Klay, who returned from deployment in Iraq with a serious crisis of faith and who confesses that he lost his belief in a God who orders the universe, says practicing as a Christian fits with what he knows of reality, helps him live honestly, and helps him set aside his dreams of a less atavistic world in which people follow rational orders and never rebel. Perfect obedience, after all, is not of people, but of machines. Perfect control rules over those whose free will is dead. And the tortured God of the cross is not a God of death, but of new life.
We are living in unsettled times. We have imperfect lives and broken hearts. And let’s be honest, we want to follow Jesus and we must find a way to balance our divided allegiances. We are looking not for a place but for a relationship, a person in whom we can invest emotionally, spiritually, with integrity and a sense of peace. Someone who makes sense of the life we live. Someone who treats us not as another commodity but as the Beloved.
While the celebration of Christ the King has deep theological meaning, it is neither an invitation merely to cerebral exercise nor is it innocuous. It is a life-changing invitation to choose the love of God as the ultimate end of our being, and to practice that in daily life. There is no power greater than this Love. If we enthrone Christ as our Lord, he is the One whose standard of Love has ultimate authority. He is the One whose Love transcends all the stuff that gets between us and God, and gives holy meaning to our imperfection. This changes everything and in a practical manner unravels the dominion of earthly powers. We choose Christ, not because the Kingdom brings perfect order and obedience, and not because we are fearful. We choose Christ because we want to know the Truth and the Love that he offers, which offer a corrective to the nihilistic worldly narrative of our insignificance.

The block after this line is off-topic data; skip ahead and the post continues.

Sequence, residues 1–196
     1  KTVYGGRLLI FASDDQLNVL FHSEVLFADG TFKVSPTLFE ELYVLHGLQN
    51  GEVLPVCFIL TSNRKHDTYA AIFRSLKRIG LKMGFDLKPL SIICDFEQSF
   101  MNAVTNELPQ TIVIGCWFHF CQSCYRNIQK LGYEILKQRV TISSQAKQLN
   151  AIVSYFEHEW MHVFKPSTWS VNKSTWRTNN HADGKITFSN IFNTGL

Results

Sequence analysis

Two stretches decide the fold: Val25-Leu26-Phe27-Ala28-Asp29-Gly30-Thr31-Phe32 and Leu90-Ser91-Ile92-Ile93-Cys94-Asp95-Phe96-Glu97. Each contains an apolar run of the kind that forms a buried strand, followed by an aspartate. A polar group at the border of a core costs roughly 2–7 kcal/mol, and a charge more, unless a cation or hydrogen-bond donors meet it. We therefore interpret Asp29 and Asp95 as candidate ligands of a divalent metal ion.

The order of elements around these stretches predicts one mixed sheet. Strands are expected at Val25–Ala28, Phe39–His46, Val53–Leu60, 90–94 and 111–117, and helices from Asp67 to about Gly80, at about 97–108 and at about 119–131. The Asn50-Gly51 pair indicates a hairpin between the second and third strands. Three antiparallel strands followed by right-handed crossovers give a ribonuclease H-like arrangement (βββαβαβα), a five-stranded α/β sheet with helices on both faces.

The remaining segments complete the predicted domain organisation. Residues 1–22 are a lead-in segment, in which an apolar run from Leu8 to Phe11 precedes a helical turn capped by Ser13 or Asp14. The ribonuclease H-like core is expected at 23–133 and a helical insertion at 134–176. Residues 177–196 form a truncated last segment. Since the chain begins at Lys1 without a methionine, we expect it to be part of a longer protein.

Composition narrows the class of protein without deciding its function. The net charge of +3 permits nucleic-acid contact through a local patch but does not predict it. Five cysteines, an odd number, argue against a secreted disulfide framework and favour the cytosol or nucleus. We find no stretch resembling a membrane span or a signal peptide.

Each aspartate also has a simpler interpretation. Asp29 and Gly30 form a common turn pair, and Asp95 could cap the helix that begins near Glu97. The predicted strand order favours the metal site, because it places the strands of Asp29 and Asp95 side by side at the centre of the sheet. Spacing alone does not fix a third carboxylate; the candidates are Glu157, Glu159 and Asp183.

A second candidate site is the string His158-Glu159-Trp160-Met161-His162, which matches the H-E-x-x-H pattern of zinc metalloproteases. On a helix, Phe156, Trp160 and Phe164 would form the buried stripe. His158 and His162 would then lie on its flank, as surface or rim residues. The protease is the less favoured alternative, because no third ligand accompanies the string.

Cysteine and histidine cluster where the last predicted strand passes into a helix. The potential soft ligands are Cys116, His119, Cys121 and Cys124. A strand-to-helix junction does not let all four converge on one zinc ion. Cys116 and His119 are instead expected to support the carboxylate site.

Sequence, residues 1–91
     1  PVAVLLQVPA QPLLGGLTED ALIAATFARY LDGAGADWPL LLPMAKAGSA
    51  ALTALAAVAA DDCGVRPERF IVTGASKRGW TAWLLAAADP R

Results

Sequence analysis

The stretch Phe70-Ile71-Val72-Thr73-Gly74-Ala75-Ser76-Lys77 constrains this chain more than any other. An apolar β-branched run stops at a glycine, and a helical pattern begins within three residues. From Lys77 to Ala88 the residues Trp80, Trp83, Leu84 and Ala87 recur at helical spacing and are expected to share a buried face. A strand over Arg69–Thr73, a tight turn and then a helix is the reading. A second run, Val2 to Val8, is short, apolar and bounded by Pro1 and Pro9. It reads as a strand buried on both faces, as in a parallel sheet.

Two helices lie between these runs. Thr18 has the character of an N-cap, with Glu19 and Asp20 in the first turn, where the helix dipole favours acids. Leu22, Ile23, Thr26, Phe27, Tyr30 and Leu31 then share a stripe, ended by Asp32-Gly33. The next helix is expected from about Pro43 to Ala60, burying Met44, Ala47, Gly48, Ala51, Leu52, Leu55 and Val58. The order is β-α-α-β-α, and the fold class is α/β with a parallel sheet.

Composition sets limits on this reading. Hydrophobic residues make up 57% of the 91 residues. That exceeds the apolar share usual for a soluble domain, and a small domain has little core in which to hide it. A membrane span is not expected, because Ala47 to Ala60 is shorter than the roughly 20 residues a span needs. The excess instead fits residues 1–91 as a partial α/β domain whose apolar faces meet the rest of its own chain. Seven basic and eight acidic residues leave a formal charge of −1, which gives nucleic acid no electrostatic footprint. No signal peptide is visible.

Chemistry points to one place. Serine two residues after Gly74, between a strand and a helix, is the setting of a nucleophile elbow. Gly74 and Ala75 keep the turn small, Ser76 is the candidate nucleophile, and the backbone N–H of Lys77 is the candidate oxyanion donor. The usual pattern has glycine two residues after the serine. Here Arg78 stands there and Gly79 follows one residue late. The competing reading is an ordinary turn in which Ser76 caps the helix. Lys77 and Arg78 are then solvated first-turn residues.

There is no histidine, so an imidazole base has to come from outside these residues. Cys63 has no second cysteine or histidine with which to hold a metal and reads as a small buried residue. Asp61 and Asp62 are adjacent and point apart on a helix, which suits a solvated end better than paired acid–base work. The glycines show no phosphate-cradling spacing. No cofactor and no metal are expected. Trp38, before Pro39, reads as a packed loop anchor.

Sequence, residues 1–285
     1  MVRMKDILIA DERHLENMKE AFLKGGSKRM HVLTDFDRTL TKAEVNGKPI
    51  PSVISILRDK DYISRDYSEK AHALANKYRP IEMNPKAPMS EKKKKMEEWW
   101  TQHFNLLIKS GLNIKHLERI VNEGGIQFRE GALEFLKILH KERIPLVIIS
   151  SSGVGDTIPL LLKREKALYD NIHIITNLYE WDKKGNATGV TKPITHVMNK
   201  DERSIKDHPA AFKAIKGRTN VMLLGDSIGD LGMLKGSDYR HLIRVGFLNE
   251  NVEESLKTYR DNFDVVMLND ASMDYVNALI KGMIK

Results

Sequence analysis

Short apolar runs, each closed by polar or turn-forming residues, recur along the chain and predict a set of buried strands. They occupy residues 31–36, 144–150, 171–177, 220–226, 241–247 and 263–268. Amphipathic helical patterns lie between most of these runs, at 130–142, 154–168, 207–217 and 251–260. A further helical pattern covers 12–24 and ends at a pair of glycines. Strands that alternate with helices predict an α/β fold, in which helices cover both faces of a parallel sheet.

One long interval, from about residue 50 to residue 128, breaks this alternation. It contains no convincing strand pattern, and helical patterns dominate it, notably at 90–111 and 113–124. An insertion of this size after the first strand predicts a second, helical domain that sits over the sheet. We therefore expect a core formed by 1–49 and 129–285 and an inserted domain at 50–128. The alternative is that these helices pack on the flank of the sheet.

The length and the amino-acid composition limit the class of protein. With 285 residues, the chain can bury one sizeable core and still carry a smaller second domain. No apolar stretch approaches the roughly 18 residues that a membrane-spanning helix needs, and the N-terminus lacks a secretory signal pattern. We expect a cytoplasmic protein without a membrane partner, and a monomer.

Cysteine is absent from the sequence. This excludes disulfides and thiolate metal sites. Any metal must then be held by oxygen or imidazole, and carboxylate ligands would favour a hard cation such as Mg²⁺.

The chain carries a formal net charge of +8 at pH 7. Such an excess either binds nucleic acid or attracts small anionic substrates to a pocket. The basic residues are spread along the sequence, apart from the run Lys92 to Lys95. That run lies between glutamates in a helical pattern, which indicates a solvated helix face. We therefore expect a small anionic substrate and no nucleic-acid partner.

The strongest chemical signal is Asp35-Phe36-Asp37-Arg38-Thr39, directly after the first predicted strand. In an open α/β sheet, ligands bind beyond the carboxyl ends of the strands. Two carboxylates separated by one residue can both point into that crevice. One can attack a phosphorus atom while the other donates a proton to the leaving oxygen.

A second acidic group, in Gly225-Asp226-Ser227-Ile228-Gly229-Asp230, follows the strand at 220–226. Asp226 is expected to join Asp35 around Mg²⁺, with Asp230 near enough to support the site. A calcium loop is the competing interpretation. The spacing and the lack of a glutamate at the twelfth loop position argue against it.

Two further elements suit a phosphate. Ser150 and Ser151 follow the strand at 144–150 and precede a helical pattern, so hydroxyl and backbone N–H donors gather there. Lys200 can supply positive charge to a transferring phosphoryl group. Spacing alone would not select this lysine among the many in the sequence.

In the frame of Thanksgiving weekend, the celebration of Christ as King is a spiritual truth for which we can give profound thanks.
This sermon was preached by the Rev. Dr. Amy Welin at St. Stephen’s Cathedral on November 25, 2018, for Christ the King Sunday. The texts for the day, which can be found at this link, are:
- Daniel 7:9-10, 13-14
- Psalm 93
- Revelation 1:4b-8
- John 18:33-37